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1968: Russia brings winter to 'Prague Spring'
Dozens of people have been killed in a massive military clampdown in Czechoslovakia by five Warsaw Pact countries.

Several members of the liberal Czechoslovak leadership have been arrested, including Prime Minister Alexander Dubcek.

The Soviet news agency, Tass, claims "assistance" was requested by members of the Czechoslovak Government and Communist party leaders to fight "counter-revolutionary forces".

But in a secret radio address, Czechoslovak President Ludvik Svoboda condemned the occupation by Warsaw Pact allies as illegal and committed without the government's consent.

US President Lyndon Johnson said the invasion was a clear violation of the United Nations Charter and that the excuses offered by the Soviet Union were "patently contrived".

"It is a sad commentary on the communist mind that a sign of liberty in Czechoslovakia is deemed a fundamental threat to the security of the Soviet system," he said.

The Czechoslovak authorities have ordered their vastly outnumbered army not to fight and are appealing to the public for restraint.

Czechoslovakia's abortive path to freedom began when Mr Dubcek, a Slovak, became Communist Party leader in January.

A programme of wide-ranging democratic reforms had been gathering pace in the face of Soviet disapproval and the rebirth of social and political freedom became known as the "Prague Spring".


In the capital of Prague today, crowds of people gathered in the streets chanting support for Mr Dubcek and imploring the foreign troops to go home.

Much of the resistance was centred around the Prague radio station. As the day progressed, Czechoslovak youths threw home-made missiles and even tried to take on Russian tanks.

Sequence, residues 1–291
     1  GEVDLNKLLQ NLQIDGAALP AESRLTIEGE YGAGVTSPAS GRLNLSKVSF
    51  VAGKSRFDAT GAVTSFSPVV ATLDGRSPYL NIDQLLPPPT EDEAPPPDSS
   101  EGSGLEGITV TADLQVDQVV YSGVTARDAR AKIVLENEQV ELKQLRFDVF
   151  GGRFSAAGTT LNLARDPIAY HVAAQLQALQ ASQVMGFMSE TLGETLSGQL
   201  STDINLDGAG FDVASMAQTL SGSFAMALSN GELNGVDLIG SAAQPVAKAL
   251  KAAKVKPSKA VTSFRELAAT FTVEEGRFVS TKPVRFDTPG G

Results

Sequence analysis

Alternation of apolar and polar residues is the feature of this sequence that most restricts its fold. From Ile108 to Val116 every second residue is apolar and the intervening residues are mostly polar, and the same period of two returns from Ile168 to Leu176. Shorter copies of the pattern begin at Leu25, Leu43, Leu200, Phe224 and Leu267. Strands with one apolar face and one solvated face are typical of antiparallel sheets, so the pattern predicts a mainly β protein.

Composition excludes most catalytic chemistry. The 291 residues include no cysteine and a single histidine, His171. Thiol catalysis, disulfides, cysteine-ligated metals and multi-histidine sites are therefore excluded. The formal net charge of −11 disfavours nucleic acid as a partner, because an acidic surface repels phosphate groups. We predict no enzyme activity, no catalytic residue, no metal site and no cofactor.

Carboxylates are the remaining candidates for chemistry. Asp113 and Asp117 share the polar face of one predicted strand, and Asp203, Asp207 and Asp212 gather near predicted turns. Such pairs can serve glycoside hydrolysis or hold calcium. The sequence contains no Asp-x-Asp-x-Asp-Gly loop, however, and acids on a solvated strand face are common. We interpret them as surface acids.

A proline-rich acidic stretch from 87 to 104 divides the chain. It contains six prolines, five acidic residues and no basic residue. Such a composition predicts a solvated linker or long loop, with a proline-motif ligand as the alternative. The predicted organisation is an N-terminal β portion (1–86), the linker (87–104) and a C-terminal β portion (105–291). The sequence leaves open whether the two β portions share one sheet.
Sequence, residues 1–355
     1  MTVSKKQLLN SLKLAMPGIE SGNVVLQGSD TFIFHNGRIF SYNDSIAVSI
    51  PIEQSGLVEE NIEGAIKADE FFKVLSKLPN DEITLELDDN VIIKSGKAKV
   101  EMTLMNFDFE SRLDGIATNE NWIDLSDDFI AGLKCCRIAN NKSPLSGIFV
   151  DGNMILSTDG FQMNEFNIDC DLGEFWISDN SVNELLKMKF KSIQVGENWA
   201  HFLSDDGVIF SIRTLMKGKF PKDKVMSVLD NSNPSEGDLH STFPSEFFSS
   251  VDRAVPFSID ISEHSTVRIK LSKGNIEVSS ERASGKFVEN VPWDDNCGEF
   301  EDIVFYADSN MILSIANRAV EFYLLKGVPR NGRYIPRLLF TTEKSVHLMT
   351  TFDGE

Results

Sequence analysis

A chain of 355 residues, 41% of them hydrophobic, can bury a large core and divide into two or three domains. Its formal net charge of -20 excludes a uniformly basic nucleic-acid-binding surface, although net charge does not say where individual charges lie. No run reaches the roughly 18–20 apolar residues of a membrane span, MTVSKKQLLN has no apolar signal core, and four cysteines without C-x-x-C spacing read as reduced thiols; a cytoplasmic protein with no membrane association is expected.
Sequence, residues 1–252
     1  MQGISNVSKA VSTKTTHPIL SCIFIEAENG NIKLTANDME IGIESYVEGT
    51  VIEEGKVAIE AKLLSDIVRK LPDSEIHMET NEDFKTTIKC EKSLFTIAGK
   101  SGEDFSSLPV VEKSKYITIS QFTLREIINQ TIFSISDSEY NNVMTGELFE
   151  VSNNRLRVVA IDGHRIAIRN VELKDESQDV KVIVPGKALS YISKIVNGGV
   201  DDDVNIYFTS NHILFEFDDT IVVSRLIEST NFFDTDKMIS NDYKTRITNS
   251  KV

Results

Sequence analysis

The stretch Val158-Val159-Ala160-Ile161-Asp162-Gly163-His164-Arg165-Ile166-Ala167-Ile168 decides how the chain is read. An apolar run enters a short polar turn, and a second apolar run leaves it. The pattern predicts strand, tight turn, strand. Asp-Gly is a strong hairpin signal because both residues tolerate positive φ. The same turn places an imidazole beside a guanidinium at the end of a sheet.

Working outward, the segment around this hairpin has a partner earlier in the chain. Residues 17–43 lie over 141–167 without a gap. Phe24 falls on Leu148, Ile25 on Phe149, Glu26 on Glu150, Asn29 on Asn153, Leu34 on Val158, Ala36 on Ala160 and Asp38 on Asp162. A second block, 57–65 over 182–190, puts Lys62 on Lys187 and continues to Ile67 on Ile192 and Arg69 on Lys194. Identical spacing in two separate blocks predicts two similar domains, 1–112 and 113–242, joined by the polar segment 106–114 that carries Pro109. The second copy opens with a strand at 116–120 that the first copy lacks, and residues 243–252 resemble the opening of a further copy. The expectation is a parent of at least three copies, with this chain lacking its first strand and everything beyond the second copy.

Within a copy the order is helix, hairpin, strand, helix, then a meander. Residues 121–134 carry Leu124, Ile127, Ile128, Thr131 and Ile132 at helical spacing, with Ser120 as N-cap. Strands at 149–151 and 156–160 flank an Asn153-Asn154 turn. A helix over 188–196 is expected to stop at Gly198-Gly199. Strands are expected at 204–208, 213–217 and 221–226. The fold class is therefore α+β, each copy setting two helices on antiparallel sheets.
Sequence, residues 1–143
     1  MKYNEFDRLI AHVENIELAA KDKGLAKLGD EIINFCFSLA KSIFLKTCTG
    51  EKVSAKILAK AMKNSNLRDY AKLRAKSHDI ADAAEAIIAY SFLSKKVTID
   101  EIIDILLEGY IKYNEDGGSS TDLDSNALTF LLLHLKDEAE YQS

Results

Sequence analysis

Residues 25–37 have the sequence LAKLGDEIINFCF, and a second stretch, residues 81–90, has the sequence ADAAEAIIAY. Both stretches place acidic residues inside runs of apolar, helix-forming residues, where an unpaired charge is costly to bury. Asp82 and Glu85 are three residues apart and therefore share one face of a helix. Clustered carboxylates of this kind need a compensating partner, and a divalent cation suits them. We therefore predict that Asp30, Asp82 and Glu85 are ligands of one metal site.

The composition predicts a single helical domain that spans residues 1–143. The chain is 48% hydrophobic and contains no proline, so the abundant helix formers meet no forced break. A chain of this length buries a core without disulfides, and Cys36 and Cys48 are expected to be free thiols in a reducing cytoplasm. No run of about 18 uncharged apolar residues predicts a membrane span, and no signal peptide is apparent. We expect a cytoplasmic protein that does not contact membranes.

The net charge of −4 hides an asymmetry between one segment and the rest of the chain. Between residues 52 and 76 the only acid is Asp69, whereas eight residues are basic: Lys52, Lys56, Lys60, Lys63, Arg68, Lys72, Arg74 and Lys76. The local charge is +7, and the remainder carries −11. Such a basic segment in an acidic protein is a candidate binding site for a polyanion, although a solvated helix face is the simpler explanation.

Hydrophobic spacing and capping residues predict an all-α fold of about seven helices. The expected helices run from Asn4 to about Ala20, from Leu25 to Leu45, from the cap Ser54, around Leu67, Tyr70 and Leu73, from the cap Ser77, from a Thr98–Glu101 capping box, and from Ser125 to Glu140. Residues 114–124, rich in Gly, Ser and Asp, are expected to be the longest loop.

Reports say some tanks and ammunition trucks were destroyed, but Soviet troops responded with machinegun and artillery fire and at least four people were shot dead.

In the Wenceslas and Old Town Squares, hundreds of youths made barricades out of overturned lorries to try and halt the advance.

Soviet and eastern block commanders have now imposed an overnight curfew and are threatening to shoot on sight anyone caught breaking it.

All rail, road and airline routes out of Czechoslovakia have been closed as troops continue to enter the country - now estimated to number nearly 175,000 men.

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Russian tanks in Prague, August 1968
Hundreds of youths have been making barricades to obstruct invading tanks

Russian troops halt the 'Prague Spring' movement

In Context
Following the invasion, Mr Dubcek and others were banned from office and replaced with a famously repressive communist regime. All the reforms were annulled or abandoned.

The invasion drew condemnation from across the globe. Significantly many western communist parties and communist Yugoslavia and Rumania dissociated themselves from the USSR's actions.

As with Hungary in 1956, the West took no action. The Soviet defence minister is said to have recommended invading even if it meant third world war. Moreover, the US was in the middle of a presidential election campaign and entrenched in Vietnam.

The Communists were finally ousted on 24 November 1989 and Mr Dubcek made a triumphant return to Prague.

He became chairman of the new post-Communist administration in what became known as the "Velvet Revolution".

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